Thermal stress in a glass pane

The value of thermal stress depends on the temperature difference between the cold and warm part of the glass pane and also on temperature distribution in the glass pane. Normally a glass pane is glazed so that the edges of a glass pane are covered with the window profile. The uncovered part of the glass pane remains under the impact of thermal radiation and absorbs heat, the temperature of the glass pane rises and spreads all over the glass pane. The edges of the glass pane that are protected against thermal radiation remain cooler. Distribution of different temperatures in the glass pane creates thermal stress in the edges of the glass pane and if this exceeds the breaking force, thermal breakage will take place. The risk of thermal breakage is the highest in body tinted glasses.

Factors increasing thermal stress:

Intensive solar radiation

Intensity of solar radiation on the insulating glass unit is determined based on the geographical location of the building, season, cloudiness, air pollution and reflection from the ground or neighbouring buildings.

High absorption coefficient and thermal radiation caused by solar energy

The most important property of a glass pane responsible for generating stress is absorption. The higher is the thermal radiation absorption capacity of a glass pane (it is the biggest in body tinted glass panes), the higher is the temperature of the glass pane and as a result is will increase thermal stress.

Environment or materials behind the glass unit

Regardless of the way thermal radiation reflects from a room back on the glass pane, it is still partially absorbed in the glass pane. It is especially noticeable when there is some insulation, a pent or piping of the heating system close to the glass pane and where air circulation is not sufficient either.

Condition of the edges of a glass pane

The condition of the edges of the glass pane is very important, since the tensile strength of a glass pane depends on the cracks on the edges of the glass pane and expansion of these. The fewer micro-cracks there are on the edges of the glass pane, the more durable it is. Grinding of the edges of a glass pane will increase the durability.

External covering

Major and long-term shades on the glass may cause big temperature fluctuations on the glass. Thermal stress may occur in the glass pane when a glass pane is partially covered from the sun by other buildings or some other way (houses, sun-blinds, balconies, window jambs, etc.).

Internal covering

Some window blinds and shadows inside the room may have an impact on air moves over the glass pane. If the glazed surface of the window is partially covered, the temperature of the covered and uncovered glazed surface may be different. This can lead to self-breaking of the glass pane.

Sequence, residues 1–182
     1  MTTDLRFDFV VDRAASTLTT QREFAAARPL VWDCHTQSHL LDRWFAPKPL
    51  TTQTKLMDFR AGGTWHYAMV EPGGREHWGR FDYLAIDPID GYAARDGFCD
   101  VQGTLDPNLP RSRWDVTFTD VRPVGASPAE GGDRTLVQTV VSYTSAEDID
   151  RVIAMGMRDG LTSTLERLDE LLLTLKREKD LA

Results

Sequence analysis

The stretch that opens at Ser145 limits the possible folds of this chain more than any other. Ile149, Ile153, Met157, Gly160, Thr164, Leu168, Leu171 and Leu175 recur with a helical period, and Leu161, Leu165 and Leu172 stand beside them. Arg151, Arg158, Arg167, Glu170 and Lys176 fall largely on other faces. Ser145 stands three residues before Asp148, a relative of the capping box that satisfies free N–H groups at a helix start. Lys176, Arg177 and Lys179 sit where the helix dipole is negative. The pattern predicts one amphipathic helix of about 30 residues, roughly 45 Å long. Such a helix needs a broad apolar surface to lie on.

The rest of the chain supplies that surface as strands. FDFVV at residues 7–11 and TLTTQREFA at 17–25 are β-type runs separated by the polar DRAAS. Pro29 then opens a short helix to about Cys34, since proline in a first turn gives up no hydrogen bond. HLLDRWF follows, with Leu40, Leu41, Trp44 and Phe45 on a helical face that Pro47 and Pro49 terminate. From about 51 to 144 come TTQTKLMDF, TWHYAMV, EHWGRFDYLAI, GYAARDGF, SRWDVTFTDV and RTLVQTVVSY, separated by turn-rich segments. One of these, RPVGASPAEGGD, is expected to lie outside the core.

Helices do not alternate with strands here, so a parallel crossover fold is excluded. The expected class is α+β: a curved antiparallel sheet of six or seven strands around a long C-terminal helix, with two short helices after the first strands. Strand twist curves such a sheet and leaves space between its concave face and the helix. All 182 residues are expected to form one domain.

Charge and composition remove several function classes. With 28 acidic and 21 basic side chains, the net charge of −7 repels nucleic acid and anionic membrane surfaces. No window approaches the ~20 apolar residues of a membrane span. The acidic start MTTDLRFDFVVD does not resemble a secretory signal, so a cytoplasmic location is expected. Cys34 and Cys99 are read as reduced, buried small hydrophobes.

Internal heating sources

The sun is the primary energy source increasing thermal stress. Secondary sources like convection or heat emitting elements may increase thermal stress, especially if radiation is directed straight on the glass pane.

Films controlling solar energy

Attaching films on the glass panes increases absorption of solar energy in the glass panes and thus also thermal stress. Before covering the glass pane with a film we recommend toughening the glass, since it helps to reduce the risk of breaking the glass pane.


To reduce thermal stress insulating glass units, especially tinted, reflective and wired glass panes may not be stored in the direct sunlight before glazing. Place soft plugs between the glass panes, so that air can circulate between the glass panes. Avoid damaging the edges of the glass panes. Do not cover glass panes partially at the construction site or cover with any cover material since different temperatures generated on the glass surface may lead to self-breaking of the glass pane. Glass panes must be entirely and very carefully covered. Do not glue anything on the surface of un-toughened glass, since this may increase thermal radiation and stresses caused by expansion of the insulating glass unit due to temperature fluctuations. This may lead to self-breaking of the glass pane.

In rare cases the internal glass pane of the insulating glass unit may self-break in cold climate. The reason of this is that at night the temperature of the window profile gets very low, which in its turn cools the edges of the glass pane, whereas the central part of the glass pane is influenced by room temperature and remains warm.

When manufacturing the insulating glass units also the physical parameters of different glass panes should be observed. This is to avoid thermal stresses in the glass panes. If required, glass panes should be toughened. For instance if an insulating glass unit consists of a selective glass pane installed inside and Pilkington Optifloat body tinted glass pane installed outside, the body tinted glass must be toughened, since thermal radiation coming from outside is partially absorbed in the body tinted glass. But the surface coating of the selective glass pane reflects thermal radiation and reflects back the thermal radiation coming through the body tinted glass pane. As a result the surface of the glass pane is imposed to different temperatures and the result is thermal breakage of the glass pane.